- AFP |
Is it global warming or the fledgling economic recovery that is driving the trend? Milan's creatives seem convinced next summer's going to be one for stripping down to the lightest, skimpiest and brightest of outfits ... and having some fun.
The cheerful, optimistic tone set by Gucci's 'geek chic' vision of femininity on Wednesday, continued into the second day of the Milan fashion week, which saw Massimo Giorgetti take his eagerly-awaited bow at Emilio Pucci. Giorgetti has taken the reins following the departure of Norwegian Peter Dundas, who jumped ship to Roberto Cavalli following its founder's decision to sell a controlling interest to a private investment group. When he got the job earlier this year, Giorgetti signalled his intentions in a press release featuring two models wearing plain white T-shirts with the message: "Like blank paper. A new story to tell." The new story is a younger and lighter one: this was a collection packed full of transparent materials alongside metallic pleated skirts and feather-decorated sandals.
"Like blank paper. A new story to tell"
As in MaxMara and Blugirl's collections earlier in the day there was also a strong aquatic theme with numerous fish, shell and starfish motifs running through the trademark bold prints and the models sporting sunglasses that resembled scuba masks.
One to buck the trend was Karl Lagerfeld, whose latest collection for Rome's Fendi was heavy in leather (not just in the latest incarnations of the brand's famously expensive handbags).
Snakeskin trench coats and olive bomber jackets were among Lagerfeld's standout pieces. The initial critical reaction was far from universally favourable but there was no disputing the quality of the craftsmanship on display -- perhaps most tellingly illustrated by the creation of a one-piece swimming costume in the most supple black leather imaginable.
If Costume National designer Ennio Capasa has his way, next summer will be a largely black and white affair -- and sleeves will be banned. His collection offered a twist on male tailoring with masculine jackets shorn to expose shoulders and create a kind of sexy gilet. Sombre suit fabrics were illuminated by silver stitching.
Blu girl's legions of young supporters meanwhile were pointed in the direction of the beach in microshorts given a half-buttock bikini cut. They were paired with woven sandals in a collection entitled "Joie de Vivre" that looked forward to more confident, optimistic times than the fashion industry has operated in of late. To the strains of Jacques Brel's "Amsterdam" and "What Shall We Do with the Drunken Sailor," MaxMara sent out their models in an array of outfits rich in bold hoops, maritime-inspired colours and symbols, knotted cord ties and chunky drawstrings on light fabrics. Illustrator Brian Grimwood created the show's ocean liner backdrop and his work also features on T-shirts, duffel bags, luggage labels and the brand's signature JBag.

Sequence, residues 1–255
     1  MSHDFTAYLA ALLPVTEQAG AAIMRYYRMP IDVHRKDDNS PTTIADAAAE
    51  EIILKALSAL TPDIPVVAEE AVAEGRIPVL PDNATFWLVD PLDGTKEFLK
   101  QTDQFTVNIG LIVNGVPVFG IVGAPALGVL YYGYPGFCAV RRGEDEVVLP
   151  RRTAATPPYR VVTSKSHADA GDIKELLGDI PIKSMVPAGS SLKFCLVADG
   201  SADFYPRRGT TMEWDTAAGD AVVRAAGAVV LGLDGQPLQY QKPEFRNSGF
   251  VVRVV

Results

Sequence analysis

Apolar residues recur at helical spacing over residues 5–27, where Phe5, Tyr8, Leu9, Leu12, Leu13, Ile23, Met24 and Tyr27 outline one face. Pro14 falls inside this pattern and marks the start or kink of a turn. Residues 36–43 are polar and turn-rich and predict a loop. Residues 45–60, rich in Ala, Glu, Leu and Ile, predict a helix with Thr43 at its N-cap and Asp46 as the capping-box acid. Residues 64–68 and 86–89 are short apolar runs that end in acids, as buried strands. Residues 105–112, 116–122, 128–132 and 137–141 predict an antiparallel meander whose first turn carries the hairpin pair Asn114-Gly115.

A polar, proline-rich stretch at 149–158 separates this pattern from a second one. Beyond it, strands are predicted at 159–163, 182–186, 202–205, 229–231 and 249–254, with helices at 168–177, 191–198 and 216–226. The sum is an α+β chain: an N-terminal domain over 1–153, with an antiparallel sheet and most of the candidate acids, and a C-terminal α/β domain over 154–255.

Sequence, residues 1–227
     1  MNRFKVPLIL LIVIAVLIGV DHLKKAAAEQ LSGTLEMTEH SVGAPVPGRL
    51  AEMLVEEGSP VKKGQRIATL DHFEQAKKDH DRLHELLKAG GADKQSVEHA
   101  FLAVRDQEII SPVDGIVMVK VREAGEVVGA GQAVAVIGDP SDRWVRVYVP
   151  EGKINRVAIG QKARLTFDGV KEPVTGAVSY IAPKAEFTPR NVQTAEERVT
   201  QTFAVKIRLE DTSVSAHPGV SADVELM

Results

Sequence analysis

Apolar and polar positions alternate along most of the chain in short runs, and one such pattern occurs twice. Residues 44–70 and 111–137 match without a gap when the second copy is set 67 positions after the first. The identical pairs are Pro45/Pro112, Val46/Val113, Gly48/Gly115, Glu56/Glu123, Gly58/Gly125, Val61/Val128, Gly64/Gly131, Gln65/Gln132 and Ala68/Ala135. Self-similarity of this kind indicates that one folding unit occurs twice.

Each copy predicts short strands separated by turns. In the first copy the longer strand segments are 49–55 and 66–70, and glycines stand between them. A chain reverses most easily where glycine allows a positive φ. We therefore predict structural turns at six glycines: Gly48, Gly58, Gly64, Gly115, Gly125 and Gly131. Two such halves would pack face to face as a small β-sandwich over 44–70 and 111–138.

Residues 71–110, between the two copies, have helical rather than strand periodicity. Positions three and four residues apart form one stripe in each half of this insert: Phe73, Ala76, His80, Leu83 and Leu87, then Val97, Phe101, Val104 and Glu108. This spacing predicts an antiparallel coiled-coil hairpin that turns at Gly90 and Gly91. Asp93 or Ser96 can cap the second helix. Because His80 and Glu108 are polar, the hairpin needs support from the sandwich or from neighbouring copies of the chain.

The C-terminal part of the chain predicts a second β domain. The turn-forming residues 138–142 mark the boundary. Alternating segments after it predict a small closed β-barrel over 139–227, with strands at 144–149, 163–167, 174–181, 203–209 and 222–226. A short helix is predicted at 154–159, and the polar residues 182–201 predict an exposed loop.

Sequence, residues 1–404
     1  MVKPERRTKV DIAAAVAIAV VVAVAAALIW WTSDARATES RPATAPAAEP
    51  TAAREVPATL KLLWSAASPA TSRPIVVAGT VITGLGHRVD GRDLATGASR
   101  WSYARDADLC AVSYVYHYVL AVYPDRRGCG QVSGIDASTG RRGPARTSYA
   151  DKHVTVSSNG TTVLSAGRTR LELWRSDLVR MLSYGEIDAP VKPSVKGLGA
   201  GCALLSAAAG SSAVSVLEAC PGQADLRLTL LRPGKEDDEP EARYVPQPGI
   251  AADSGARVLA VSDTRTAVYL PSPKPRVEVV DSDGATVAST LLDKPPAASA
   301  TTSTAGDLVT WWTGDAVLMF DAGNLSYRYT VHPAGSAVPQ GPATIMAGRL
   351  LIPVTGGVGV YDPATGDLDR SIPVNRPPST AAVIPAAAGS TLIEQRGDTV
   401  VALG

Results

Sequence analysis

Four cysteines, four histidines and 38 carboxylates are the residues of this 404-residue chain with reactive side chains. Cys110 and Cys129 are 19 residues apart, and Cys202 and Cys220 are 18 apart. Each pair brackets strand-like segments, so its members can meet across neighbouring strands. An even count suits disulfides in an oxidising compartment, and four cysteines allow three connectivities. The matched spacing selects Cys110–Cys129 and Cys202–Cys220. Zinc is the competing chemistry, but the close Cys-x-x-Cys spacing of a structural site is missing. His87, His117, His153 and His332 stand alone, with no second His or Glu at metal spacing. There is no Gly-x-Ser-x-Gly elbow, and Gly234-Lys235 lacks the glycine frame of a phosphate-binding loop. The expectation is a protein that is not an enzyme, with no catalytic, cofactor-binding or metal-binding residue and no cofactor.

Doubled-faced peacoats, rows of polished buttons and star-patterned semi-chunky sweaters and tank tops continued the nautical theme. It was, the creative team said, an attempt to fuse naval discipline and marine romance into a vision of a new, athletic femininity. Or, as they also put it in a classic piece of fashion-speak: "Naive is the new sophisticated." Blugirl emphasised a more sensual form of femininity with designer Anna Molinari anticipating a new jazz age and taking her cue from "an idea of intangible hedonism."
Black dancing feathers adorned jazzy evening dresses, there are many touches of white macrame lace, crepe and taffeta, and poplin or denim shirt dresses were designed to open up easily over swimming costumes or those revealing shorts.
If it wasn't very, very short, it was very long. "Lengths have no half measures: they reach the ankle or entirely bare the legs," Molinari says in her notes on the collection, explaining the preponderance of long skirts she described as "an incontrovertible statement of a new sensuality." (AFP)